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WR Brown Knew He Did Not Score

LANDOVER, Md. – It's all too ironic that the Philadelphia Eagles, a team beaten to within an inch of its life three weeks ago, had regained just about every ounce of strength possible to mount a playoff run. At FedEx Field on Sunday, the only thing missing was that one inch.

A 17-yard strike from Donovan McNabb to Reggie Brown left the Eagles a tragically-short distance from the goal line as time expired, leaving the Eagles 10-3 victims to a Washington team they have just not been able to figure out in 2008.

Brown, running his route parallel to the goal line, leapt to catch a high throw from McNabb, but defensive backs Fred Smoot and LaRon Landry met him immediately in midair. A booth review upheld the call on the field – Brown was no more than a nose of the football short of breaking the plane.

A nose of the football shy of the Eagles heading into next week's game with Dallas controlling their own playoff destiny. Photo Gallery : PHI vs. WAS 12-21-08

"I wasn't thinking about anything else but catching that ball," Brown said. "They reviewed it, but I knew in the back of my mind that I was (short)."

The Eagles lined up for a second-down play with 12 seconds remaining in the game. With no timeouts, only a strike at the end zone or a throw to the sidelines could have left the Eagles with more time on the clock to complete another play.

On Brown's route, the idea was right and the throw was the correct one. It was just short – painfully short. Brown hit the ground with four seconds remaining on the clock, not enough time for his offense to run up and spike the ball inside the 1-yard line.

"Reggie found a spot in there, and I just tried to put it on his body," McNabb said. "Reggie did a great job catching it, but you have to give (the Redskins) credit for converging on the ball."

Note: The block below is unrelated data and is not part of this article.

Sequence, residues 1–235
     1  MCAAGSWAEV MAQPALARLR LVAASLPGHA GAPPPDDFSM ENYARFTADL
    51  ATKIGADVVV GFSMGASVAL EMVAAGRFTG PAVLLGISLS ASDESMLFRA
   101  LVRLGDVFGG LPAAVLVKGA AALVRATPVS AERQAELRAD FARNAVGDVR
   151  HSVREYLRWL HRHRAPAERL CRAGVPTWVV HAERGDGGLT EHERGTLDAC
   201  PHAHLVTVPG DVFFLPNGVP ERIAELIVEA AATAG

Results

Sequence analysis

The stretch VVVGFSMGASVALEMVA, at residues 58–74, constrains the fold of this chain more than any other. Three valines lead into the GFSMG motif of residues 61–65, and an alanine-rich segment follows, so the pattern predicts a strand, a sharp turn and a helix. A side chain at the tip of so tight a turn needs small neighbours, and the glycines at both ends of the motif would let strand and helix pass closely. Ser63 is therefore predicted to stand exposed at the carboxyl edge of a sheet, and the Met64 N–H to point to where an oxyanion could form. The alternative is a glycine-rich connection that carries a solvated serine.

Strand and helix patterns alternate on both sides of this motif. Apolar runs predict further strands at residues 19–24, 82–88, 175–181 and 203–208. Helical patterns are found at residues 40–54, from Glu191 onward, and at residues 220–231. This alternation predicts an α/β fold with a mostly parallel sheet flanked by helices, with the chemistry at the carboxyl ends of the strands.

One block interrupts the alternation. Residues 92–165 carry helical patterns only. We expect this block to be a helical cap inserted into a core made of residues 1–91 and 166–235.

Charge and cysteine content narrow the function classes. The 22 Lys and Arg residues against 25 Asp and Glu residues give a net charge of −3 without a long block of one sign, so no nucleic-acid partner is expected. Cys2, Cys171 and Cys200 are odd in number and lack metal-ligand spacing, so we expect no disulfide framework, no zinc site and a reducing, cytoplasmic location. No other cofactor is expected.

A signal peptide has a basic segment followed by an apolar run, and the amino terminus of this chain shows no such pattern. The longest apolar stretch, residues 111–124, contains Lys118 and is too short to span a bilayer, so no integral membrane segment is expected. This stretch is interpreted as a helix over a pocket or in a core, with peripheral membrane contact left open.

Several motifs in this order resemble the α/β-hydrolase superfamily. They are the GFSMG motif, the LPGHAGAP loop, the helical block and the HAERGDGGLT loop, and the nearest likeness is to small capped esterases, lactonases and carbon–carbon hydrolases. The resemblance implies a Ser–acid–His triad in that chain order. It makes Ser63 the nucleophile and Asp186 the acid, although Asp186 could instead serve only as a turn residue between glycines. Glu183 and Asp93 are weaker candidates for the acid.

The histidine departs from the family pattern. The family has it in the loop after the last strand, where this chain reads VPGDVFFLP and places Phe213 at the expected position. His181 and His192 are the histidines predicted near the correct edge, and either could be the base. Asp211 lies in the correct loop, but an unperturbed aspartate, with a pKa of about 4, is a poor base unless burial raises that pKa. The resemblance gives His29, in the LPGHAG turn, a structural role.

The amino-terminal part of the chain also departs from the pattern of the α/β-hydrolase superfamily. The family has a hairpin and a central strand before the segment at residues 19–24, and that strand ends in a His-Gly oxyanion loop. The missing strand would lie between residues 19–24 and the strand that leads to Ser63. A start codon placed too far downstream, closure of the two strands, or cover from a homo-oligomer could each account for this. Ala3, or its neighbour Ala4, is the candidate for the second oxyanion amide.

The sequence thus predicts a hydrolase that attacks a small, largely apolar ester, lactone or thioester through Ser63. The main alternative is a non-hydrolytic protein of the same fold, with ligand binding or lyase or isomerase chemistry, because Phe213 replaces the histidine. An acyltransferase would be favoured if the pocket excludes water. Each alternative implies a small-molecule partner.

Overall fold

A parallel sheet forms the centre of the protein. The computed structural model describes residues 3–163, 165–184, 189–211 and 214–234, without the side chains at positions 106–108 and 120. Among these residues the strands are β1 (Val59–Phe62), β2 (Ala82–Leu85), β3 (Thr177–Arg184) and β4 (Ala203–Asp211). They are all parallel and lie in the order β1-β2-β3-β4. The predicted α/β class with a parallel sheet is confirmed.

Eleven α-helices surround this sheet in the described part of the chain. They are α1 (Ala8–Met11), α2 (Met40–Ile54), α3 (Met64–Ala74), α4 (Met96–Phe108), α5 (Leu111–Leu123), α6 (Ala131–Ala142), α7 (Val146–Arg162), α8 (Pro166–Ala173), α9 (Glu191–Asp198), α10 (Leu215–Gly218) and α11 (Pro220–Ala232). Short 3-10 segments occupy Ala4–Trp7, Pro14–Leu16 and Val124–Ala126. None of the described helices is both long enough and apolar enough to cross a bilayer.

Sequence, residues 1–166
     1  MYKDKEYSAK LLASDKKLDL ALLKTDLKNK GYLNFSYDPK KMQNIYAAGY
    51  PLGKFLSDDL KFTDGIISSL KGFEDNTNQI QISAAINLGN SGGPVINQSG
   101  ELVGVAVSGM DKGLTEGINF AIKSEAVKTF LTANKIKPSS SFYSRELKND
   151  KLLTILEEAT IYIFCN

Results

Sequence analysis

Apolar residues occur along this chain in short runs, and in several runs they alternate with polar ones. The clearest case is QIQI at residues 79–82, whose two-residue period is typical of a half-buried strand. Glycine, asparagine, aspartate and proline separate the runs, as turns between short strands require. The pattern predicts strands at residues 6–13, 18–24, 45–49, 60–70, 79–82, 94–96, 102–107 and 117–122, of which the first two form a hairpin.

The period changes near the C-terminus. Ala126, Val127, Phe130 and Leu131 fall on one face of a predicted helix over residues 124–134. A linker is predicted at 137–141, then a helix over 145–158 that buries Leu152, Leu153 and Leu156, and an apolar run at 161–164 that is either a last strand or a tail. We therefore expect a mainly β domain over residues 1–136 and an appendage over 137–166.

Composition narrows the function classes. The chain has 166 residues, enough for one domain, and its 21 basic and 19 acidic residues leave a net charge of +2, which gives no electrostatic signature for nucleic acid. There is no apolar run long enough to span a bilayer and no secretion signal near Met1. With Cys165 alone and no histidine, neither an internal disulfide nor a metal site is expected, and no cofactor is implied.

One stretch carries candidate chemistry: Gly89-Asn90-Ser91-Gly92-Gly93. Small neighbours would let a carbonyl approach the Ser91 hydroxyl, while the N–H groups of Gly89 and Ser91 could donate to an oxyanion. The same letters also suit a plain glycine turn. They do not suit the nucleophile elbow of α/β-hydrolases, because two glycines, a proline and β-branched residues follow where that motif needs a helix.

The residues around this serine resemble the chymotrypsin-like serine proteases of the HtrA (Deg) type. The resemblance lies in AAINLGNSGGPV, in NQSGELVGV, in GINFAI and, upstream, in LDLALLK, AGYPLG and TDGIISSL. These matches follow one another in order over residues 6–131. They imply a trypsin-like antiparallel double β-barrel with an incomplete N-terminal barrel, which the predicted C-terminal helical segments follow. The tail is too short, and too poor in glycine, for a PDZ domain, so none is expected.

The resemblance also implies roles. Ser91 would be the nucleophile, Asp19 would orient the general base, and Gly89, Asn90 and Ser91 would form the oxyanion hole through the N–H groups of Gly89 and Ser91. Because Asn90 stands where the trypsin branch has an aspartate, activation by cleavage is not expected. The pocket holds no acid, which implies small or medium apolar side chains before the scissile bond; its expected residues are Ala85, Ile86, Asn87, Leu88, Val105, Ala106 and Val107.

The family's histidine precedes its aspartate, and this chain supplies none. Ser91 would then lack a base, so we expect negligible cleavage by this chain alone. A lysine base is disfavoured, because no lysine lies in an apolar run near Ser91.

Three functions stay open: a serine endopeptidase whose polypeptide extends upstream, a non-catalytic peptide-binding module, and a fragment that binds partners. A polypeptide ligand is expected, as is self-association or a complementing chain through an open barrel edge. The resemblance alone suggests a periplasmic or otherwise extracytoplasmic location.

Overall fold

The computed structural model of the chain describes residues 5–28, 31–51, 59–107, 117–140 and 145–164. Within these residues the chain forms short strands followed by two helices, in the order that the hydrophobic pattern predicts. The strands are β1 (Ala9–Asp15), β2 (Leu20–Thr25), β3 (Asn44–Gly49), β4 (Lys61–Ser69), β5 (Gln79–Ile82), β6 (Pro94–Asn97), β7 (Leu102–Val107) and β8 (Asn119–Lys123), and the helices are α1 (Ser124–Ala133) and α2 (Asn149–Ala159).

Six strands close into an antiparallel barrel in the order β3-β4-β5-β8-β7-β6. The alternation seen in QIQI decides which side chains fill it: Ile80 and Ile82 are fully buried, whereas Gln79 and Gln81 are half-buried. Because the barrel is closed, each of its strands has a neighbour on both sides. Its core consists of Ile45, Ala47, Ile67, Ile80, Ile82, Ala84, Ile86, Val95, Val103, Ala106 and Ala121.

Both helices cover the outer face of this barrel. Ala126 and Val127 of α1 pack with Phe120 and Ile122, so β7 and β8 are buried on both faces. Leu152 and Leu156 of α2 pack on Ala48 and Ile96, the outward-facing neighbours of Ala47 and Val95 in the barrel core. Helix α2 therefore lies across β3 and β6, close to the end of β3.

But it wasn't just that play that cost them the game; in fact, it capped off what was one of the Eagles' most successful drives of the game. The Eagles picked a bad time to fall into some old habits.

On the heels of a three-game win streak in which they dominated on third down, controlled the time of possession and held onto the football, they were unable to do so against Washington. Critical dropped passes, including one by rookie DeSean Jackson that could have provided the game's tying touchdown just six plays before Brown's near miss, plagued the offense.

The Eagles converted just three-of-14 third-down attempts – they were 33-of-50 during the win streak. They fell behind for the first time in four games, leading to a 14-50 run-pass ratio.

Washington decisively won the time of possession battle –33:14 to 26:46 – similar to what they did in the first meeting back on Oct. 5

And not being able to get anything going led the Eagles to start 10 of their 12 offensive possessions at or inside their own 20 – never really changing the field position on the Redskins. Though the Redskins gave the Eagles ample opportunities with their own mistakes, they never took advantage.

The Redskins were able to capitalize on the Eagles' biggest blunder – a McNabb fumble inside the Philadelphia 20 that led to the games only touchdown.

All that, and Philadelphia still ended just barely short of forcing overtime. That's what's going to sting.

"There were too many opportunities that we didn't take advantage of," McNabb said. "But we can't afford to put our heads down right now. We've got to learn from this and be ready for next week."

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